How to man up (for whatever)

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How to man up (for whatever)

I have a friend around my age who is looking for a boyfriend. In the currently popular euphemism, she has “recently rejoined the dating world.” What that means in blunt English is this: She is newly divorced, has sorted out the various legal and emotional entanglements of that process, and is ready to see what’s out there, long-term companionwise.

She’s around my age. Let’s just call it somewhere between the moment you start buying age-specific multivitamins and the year you start getting into museums for free. And that makes things complicated.

In the first place, the term “boyfriend” is a little silly to describe what she’s looking for. “Boyfriend” suggests someone in a baseball cap and a Patagonia vest who drinks microbrews with his friends on Saturday afternoons. My friend is looking for a man with some life under his belt. She is looking for someone with multiple prescriptions and quite possibly a cardiologist.

“I just want a guy who isn’t more than 10 years older than me,” she told me over lunch, “who has a job and some money in the bank, has no adult children still living with him, and who is capable of expressing a definitive opinion on where we should have dinner.” This must be a very tall order, because she has yet to find any suitable candidates. She has worked her way through the various apps and services but has yet to find a man who checks the boxes.

“And I’m not looking for 100% compliance either,” she told me. “I’d be happy with, like, 75%. But I’ve met men with jobs but who have three adult children still living at home because they are ‘in reset mode’ — big red flag, by the way — and I’ve met men with no grown children living at home and lots of money in the bank but no job to go to during the day — again, red flag — and then there are men who have jobs and no grown-up kids on the family dole, but when you ask them where they want to have dinner will say, with a shrug, ‘I’m up for whatever.’”

“What’s so bad about being up for whatever?” I asked her. “It sounds like a guy who is agreeable and willing to compromise.”

“Yuck,” she said. “Who wants that? I want to be with someone with a point of view. I don’t want to be having a lot of polite ‘What do you want to do?’ ‘No, what do you want to do?’ conversations. My ex-husband and I spent 20 years being agreeable and polite to each other and then three years being furious and honest. I’d rather start out being honest this time around. Saves a lot of time.”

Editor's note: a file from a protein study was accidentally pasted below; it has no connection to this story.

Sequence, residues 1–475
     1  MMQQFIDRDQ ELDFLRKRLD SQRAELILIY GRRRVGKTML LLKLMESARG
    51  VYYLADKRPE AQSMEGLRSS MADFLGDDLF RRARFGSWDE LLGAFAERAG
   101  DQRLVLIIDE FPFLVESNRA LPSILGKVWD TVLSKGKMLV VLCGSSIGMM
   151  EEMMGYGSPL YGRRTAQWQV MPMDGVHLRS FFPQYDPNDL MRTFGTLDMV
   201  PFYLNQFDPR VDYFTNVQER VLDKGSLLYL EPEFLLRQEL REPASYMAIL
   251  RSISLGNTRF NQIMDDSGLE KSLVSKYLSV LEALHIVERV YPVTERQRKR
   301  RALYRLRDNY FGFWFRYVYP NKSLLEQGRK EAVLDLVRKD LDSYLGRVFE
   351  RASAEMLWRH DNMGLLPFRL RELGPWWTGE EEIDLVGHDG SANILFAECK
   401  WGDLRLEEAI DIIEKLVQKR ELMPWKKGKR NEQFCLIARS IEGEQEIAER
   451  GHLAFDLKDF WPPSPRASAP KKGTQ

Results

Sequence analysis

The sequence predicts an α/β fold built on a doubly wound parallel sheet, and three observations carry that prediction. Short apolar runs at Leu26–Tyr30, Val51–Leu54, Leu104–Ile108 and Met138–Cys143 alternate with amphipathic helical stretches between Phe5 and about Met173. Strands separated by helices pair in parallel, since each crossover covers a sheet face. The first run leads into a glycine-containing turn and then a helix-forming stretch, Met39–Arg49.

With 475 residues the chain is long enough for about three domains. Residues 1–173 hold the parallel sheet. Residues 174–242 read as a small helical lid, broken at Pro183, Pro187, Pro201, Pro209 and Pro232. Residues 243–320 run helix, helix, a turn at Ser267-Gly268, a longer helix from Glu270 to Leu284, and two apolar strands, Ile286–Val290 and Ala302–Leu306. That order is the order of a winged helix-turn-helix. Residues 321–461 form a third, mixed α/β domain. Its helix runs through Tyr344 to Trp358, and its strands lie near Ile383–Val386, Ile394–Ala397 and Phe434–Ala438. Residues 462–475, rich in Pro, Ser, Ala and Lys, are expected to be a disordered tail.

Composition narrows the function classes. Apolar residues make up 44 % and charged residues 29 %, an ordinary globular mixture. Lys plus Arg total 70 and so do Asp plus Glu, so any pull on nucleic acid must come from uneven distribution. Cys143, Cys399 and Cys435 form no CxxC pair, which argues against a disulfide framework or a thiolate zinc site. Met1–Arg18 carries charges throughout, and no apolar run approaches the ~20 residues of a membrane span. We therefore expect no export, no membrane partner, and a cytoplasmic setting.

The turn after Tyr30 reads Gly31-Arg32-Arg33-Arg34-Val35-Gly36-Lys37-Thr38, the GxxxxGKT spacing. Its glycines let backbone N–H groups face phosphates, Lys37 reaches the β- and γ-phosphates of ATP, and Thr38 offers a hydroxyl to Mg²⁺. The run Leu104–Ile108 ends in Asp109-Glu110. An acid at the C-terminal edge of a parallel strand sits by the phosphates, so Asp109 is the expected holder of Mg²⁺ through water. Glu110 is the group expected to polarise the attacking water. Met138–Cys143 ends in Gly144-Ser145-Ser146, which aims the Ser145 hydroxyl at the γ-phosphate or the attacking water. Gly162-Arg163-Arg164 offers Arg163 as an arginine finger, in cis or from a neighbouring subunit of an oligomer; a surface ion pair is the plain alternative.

I really didn’t have much useful advice for her except to suggest that a lot of men I know are genuinely baffled by the expectations of the current culture. If they kick their adult children out of the house, they’re not nurturing enough. If they’re too into their careers, they don’t have a good work-life balance. If they loudly announce that they’re feeling like Italian tonight, they can be accused of mansplaining dinnertime.

“I don’t care if they mansplain,” she said. “I don’t care if a guy talks a lot or wants to explain stuff to me.”

“You don’t?” I asked. For the record, my friend is a very accomplished author and an authority in her field. “No,” she said. “I like a guy with opinions and something to say. As long as when he’s done talking, he shuts up and listens while I set him straight.”

My friend and I have known each other since high school and I love her, but I was starting to get a clearer understanding of why her previous marriage may have failed.

I didn’t say that, of course. I kept quiet and agreed with everything she was saying, as I have learned to do in situations like this, often the hard way. For instance, in 1986, I once raised my hand to offer an opinion in a college class called “Women’s Voices and Visions: The Broken Silence of Female Narratives in the 19th Century English Novel.” It was a mistake I have never repeated since. Shrugging amiably and saying, “I’m up for whatever,” has been my policy, and so far, it’s been working fine.

Rob Long is a television writer and producer and the co-founder of Ricochet.com.

© 2023 Washington Examiner

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